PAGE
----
These tiny egg pies puff up like muffins when baking. They are delicious warm or at room temperature and are the perfect size for eating out of your hand.
1 tsp (5 mL) extra-virgin olive oil
1/4 tsp (1 mL) dried tarragon
Pinch of salt
2 small baby potatoes or fingerlings, boiled and thinly sliced
1/4 cup (60 ml) frozen peas, thawed
2 Tbsp (30 mL) crumbled goat cheese
Generously brush 4 muffin cups with oil. Whisk eggs with tarragon and salt. Pour a little into each muffin cup. Divide potatoes, peas, and cheese among cups, then pour remaining egg mixture over top. Cups will be very full.
Bake in preheated 300 F (150 C) oven until eggs are very puffy and set when pan is jiggled; about 30 to 35 minutes. Let stand 5 minutes, then run a knife around inside of each popover and using a spoon, scoop out.
Makes 4 servings.
Each serving contains:
154 calories; 10 g protein; 9 g fat (3 g sat. fat, 0 g trans fat); 9 g carbohydrates; 1 g fibre; 124 mg sodium
JUMP-START: Using frozen peas makes for minimal vegetable prep. Boil a few extra potatoes during dinner prep; then bake the egg pies while you eat.
source: "Nutrition in No Time", alive #329, March 2010
Tourtière is, for me, the dish that best represents Québec. It can be traced back to the 1600s, and there’s no master recipe; every family has their own twist. Originally, it was made with game birds or game meat, like rabbit, pheasant, or moose; that’s one of the reasons why I prefer it with venison instead of beef or pork. Variation: If you prefer to make single servings, follow our lead at the restaurant, where we make individual tourtières in the form of a dome (pithivier) and fill them with 5 ounces (160 g) of the ground venison mixture. Variation: You can also use a food processor to make the dough. Place the flour, salt, and butter in the food processor and pulse about ten times, until the butter is incorporated—don’t overmix. It should look like wet sand, and a few little pieces of butter here and there is okay. With the motor running, through the feed tube, slowly add ice water until the dough forms a ball—again don’t overmix. Wrap, chill, and roll out as directed above.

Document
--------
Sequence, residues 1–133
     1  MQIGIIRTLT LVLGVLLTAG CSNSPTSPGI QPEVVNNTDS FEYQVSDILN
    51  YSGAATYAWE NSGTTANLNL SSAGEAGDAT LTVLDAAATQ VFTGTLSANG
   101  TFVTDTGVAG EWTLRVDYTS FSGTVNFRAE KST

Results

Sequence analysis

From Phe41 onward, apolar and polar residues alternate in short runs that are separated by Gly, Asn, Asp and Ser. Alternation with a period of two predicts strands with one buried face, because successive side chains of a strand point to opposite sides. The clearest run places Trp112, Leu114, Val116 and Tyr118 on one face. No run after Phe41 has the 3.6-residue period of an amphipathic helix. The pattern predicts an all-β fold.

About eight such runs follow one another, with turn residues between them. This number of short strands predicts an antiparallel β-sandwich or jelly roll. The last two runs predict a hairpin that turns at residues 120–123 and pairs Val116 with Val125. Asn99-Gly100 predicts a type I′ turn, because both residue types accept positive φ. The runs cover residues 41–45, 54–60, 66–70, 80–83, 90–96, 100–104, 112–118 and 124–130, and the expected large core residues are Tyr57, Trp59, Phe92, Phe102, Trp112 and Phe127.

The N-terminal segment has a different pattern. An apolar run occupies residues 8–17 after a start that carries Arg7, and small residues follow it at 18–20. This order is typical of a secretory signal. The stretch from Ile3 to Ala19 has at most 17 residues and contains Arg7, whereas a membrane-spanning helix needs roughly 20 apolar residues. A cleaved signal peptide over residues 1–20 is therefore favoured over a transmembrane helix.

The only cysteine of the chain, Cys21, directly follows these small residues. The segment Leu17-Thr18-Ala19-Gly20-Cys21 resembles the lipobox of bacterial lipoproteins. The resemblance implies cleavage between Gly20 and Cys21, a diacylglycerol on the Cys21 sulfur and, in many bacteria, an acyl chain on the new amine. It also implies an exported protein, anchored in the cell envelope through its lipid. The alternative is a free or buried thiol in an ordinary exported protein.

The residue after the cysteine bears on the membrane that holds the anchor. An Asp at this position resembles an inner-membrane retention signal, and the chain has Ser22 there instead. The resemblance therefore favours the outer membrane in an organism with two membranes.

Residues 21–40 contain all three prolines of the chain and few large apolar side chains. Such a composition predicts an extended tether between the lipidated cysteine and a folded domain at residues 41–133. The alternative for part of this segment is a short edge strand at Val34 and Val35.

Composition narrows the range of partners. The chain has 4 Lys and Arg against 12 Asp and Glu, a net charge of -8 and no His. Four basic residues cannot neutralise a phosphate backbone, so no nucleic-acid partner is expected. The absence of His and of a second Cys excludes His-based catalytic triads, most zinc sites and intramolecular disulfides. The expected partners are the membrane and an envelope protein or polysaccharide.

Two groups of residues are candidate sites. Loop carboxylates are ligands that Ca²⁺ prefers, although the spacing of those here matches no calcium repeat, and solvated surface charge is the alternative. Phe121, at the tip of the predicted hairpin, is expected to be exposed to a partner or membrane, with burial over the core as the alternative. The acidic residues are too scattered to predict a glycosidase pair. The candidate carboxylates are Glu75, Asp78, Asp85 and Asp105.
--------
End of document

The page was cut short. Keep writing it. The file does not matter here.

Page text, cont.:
My love of artichokes continues with this classic recipe, one of the best ways to eat this interesting, underrated, and strange vegetable. Frozen artichoke hearts are a time-saving substitute, though the flavour and texture of fresh artichokes are, by far, much superior and definitely preferred.
Cervelle de canut is basically the Boursin of France, an herbed fresh farmer’s cheese spread that’s a speciality of Lyon. The name is kind of weird, as it literally means “silk worker’s brain,” named after nineteenth-century Lyonnaise silk workers, who were called canuts. Sadly, the name reflects the low opinion of the people towards these workers. Happily for us, though, it’s delicious—creamy, fragrant, and fresh at the same time. Cervelle de canut is one of my family’s favourite dishes. It’s a great make-ahead appetizer that you can pop out of the fridge once your guests arrive. Use a full-fat cream cheese for the dish, or it will be too runny and less delicious.